V(wife) at 5 iterations: husband (0.91), mother (0.89), father (0.89), house (0.89), friend (0.88), daughter (0.88), wifes (0.87), mistress (0.86), man (0.86), son (0.86)
V(wife) at 20 iterations: husband (0.73), widow (0.65), cleave (0.63), mistress (0.63), counsel (0.63), father (0.62), daughter (0.62), brother (0.61), helpful (0.61), sister (0.61)
V(husband) at 5 iterations: daughter (0.95), house (0.93), father (0.92), wifes (0.92), friend (0.92), mother (0.91), physician (0.92), mistress (0.91), wife (0.91), companion (0.91)
V(husband) at 20 iterations: wife (0.73), submission (0.65), consultation (0.65), wifes (0.63), casting (0.63), midwife (0.63), shalt (0.62), humor (0.62), devolves (0.62), poses (0.62)

Vectors for query words “wife” and “husband” in models trained at 5 and 20 iterations.

Conclusion: Next Steps + Future Research

As I continue to explore the applications of word embedding models in my dissertation research on marriage manuals and other forms of popular and domestic medical manuals in the nineteenth century, I am excited to develop a critical framework for the concepts I wish to trace related to authority, gender, audience, disability, and sexuality. Throughout the course of this project working with Professor Linker my understanding of the application of word embedding models to questions of materiality, classification, and genre has grown substantially.  This project has allowed me to develop important frameworks that have informed my dissertation prospectus, acting as a sort of “test run” for the work that I am going to be doing on a much larger scale. I will be following many of the thematic questions that arose when I was working with the texts as material objects, only this time I am also working on looking at the relationship between modes of focus in digital scholarship: close and distant reading and how, when brought together with the interdisciplinary and overlapping information in marriage manuals, allow for critical research within the history of medicine and digital scholarship.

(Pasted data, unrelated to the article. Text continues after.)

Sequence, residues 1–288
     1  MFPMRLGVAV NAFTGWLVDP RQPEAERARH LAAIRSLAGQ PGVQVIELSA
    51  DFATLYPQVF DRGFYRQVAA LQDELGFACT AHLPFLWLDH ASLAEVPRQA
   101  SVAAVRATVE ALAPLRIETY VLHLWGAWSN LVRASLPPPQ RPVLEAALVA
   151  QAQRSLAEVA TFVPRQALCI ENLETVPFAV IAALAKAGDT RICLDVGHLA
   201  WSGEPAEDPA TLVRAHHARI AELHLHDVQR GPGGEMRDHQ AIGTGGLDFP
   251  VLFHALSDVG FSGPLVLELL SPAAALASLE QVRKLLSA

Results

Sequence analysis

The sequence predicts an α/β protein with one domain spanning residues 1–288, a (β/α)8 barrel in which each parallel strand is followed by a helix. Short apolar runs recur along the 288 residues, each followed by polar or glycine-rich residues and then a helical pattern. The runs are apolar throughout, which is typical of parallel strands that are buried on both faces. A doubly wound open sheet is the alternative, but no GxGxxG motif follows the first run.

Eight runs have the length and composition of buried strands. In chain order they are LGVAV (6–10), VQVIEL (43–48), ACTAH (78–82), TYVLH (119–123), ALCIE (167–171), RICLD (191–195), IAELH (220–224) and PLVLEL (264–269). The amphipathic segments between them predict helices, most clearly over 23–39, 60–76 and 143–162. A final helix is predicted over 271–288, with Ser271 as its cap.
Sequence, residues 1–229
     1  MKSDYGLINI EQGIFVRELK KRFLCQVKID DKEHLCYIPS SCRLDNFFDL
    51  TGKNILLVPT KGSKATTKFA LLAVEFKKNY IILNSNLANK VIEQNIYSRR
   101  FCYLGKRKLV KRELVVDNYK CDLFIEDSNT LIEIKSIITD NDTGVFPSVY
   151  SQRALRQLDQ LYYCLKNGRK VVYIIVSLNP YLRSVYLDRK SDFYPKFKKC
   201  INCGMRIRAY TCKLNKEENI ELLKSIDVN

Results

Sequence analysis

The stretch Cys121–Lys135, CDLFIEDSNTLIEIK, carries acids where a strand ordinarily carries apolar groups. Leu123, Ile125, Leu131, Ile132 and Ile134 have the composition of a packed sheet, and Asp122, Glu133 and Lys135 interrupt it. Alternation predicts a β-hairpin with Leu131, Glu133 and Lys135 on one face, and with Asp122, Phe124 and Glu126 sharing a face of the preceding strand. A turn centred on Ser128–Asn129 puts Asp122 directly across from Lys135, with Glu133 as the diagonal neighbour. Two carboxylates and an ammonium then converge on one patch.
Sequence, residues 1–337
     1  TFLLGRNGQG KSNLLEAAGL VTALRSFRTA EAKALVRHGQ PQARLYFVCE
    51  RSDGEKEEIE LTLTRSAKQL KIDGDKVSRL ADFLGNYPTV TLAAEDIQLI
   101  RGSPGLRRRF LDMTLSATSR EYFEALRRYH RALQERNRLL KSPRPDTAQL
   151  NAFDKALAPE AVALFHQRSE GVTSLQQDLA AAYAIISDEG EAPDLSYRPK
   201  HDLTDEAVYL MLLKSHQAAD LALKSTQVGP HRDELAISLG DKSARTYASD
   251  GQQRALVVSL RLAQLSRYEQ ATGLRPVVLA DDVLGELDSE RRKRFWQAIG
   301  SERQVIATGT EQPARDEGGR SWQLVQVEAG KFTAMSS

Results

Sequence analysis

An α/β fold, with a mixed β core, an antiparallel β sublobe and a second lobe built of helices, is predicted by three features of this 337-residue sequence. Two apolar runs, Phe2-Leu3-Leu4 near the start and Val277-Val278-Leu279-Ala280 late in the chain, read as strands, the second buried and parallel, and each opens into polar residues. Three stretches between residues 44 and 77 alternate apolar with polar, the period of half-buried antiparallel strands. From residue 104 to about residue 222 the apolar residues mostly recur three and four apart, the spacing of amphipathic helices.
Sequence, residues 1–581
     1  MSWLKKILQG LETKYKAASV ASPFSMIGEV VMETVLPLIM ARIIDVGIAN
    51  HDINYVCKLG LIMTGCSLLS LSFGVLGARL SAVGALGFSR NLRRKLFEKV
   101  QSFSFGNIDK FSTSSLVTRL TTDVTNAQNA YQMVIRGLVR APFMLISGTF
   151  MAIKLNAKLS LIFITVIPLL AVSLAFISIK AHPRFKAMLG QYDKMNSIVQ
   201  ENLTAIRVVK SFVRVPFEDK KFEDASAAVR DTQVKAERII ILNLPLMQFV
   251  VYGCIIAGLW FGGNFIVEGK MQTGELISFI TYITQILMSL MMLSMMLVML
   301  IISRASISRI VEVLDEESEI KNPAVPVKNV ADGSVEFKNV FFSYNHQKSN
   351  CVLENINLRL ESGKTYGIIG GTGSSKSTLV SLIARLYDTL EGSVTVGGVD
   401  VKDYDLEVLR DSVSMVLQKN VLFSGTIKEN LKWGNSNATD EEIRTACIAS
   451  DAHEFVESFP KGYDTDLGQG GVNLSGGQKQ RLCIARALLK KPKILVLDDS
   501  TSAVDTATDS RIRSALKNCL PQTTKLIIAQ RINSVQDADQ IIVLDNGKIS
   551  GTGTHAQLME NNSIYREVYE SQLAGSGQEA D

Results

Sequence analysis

Sources Referenced

Brandt, Susan. Women Healers: Gender, Authority, and Medicine in Early Philadelphia. University of Pennsylvania Press, 2023.

Cryle, Peter and Elizabeth Stephens. Normality: A Critical Genealogy. The University of Chicago Press, 2017. 

Fissell, Mary E. Vernacular Bodies : the Politics of Reproduction in Early Modern England. Oxford University Press, 2006.

Johnson, Juniper. “Word Vectors for the Thoughtful Humanist Institute Data Preparation Guide and Checklist,” Women Writers Project,

Kenlon, Tabitha. Conduct Books and the History of the Ideal Woman. Anthem Press, 2020.

Kim, Eunjung. “Asexualities and Disabilities in Constructing Sexual Normalcy.” Asexualities: Feminist and Queer Perspectives, edited by Megan Milks and Karli June Cerankowski, Taylor & Francis Group, 2014, pp. 249-282.

Tavera, Stephanie Peebles. (P)rescription Narratives: Feminist Medical Fiction and the Failure of American Censorship. Edinburgh University Press, 2022.